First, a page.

Legal Aid Center of Southern Nevada has been dedicated to providing free legal services to low income residents of Clark County since 1958. A planned gift to Legal Aid Center of Southern Nevada demonstrates your belief in our mission and your commitment to ensure justice for all. By including Legal Aid Center of Southern Nevada in your estate plan, you can help secure justice for those in need for years to come.
Ways To Give
One of the simplest ways you can benefit Legal Aid Center of Southern Nevada is by making a specific bequest in your will or trust. A bequest is a gift of a specific sum of money or a specific asset which is made upon your death. The funds can then be used by Legal Aid Center for their general operating needs or you could specify a specific program you wish to benefit.
If you already have a will or trust, you can provide for Legal Aid Center by making a codicil to your will or an amendment to the trust. If you don’t already have an estate plan, now may be a good time to get your plan in place.
Making a bequest to Legal Aid Center via your estate plan may reduce estate taxes. We encourage you to seek the advice of an estate planning attorney and/or CPA to discuss potential tax implications.
When making a bequest to Legal Aid Center of Southern Nevada, please use the following language: “I bequeath to Legal Aid Center of Southern Nevada, a private, non-profit, 501(c)(3) organization currently headquartered at 725 E. Charleston Blvd., Las Vegas, Nevada 89104, the sum of $_____ (or __% of my residuary estate) for the unrestricted use and purposes of the organization.”
Life Insurance Gift
Making a gift of a life insurance policy to Legal Aid Center of Southern Nevada may be appealing because it is a flexible, cost-effective, and in many cases tax-advantaged way to make a major gift that will benefit Legal Aid Center. You can benefit our organization by designating Legal Aid Center as the beneficiary of all or a portion of a life insurance policy. You can name “Legal Aid Center of Southern Nevada” as a beneficiary on a new or an existing life insurance policy.
Making a gift of a “paid-up” life insurance policy that is no longer needed is an excellent, and simple, way to establish a lasting legacy for Legal Aid Center. If a donor owns excess life insurance (perhaps purchased for a reason that no longer exists), they might consider making an irrevocable gift of the policy to Legal Aid Center. If complete ownership is transferred to the Legal Aid Center and Legal Aid Center is named as the beneficiary, the gift will generate a charitable income tax deduction.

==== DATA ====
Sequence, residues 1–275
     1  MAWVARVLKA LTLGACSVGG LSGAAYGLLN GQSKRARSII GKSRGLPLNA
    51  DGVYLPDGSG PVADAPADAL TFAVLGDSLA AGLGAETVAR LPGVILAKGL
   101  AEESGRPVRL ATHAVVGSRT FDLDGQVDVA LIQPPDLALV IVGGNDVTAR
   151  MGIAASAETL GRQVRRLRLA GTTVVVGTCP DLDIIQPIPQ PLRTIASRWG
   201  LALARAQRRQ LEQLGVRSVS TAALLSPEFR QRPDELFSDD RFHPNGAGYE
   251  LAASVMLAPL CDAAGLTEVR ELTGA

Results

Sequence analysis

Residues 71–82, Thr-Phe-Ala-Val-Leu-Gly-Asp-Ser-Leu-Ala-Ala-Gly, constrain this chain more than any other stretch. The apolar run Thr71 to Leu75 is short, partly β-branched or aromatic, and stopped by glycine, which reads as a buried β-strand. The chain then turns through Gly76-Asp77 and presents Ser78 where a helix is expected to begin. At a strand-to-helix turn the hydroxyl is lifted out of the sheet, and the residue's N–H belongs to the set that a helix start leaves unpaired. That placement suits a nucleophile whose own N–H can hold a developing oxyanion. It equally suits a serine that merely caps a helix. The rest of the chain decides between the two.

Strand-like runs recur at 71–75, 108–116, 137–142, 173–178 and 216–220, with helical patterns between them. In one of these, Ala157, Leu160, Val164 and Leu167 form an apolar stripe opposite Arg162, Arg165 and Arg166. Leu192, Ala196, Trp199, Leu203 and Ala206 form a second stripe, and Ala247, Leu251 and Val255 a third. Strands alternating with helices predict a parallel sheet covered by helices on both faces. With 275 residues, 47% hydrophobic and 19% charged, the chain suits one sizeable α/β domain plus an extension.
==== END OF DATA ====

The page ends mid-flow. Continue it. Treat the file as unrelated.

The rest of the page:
Continuing to pay premiums on a policy where Legal Aid Center is named as beneficiary garners a current year income tax deduction for the donor. A donor may take out a new policy and irrevocably name the Legal Aid Center as the owner and the beneficiary of the insurance contract. This can be an attractive strategy for a younger donor, because the premium cost is usually low compared with the ultimate death benefit that will accrue to Legal Aid Center upon the donor's death. Whether the donor makes one single premium payment for the policy or pays premiums annually, each payment produces a charitable income tax deduction.
You should consult with your CPA for details on the tax advantages of giving a planned gift of life insurance.
Retirement Plan Gift
Retirement plans such as an IRA or 401(k) can also be a means of providing a planned gift to Legal Aid Center of Southern Nevada. Funds remaining in your retirement accounts at death are considered part of your estate for federal tax purposes (and in some cases state estate taxes, however Nevada currently has no state death taxes) and could result in additional estate tax. Any retirement funds that remain after payment of estate taxes will also be subject to income taxes when received by your heirs. You could choose to avoid this double taxation by funding a planned gift to Legal Aid Center with excess retirement funds and leaving other, less heavily taxed assets to loved ones. This may reduce or eliminate any estate or income tax will be due on the remaining assets in retirement accounts.
You can designate a specific amount from your retirement plan to any number of heirs before the remaining funds benefit Legal Aid Center. Or you can provide for a contingent, charitable gift to Legal Aid Center in the event your spouse or other heirs do not survive you.
Ask your plan administrator for more information and a Change of Beneficiary form. You can then designate “Legal Aid Center of Southern Nevada” as a beneficiary to receive all or a portion of your retirement plan assets according to the conditions you select.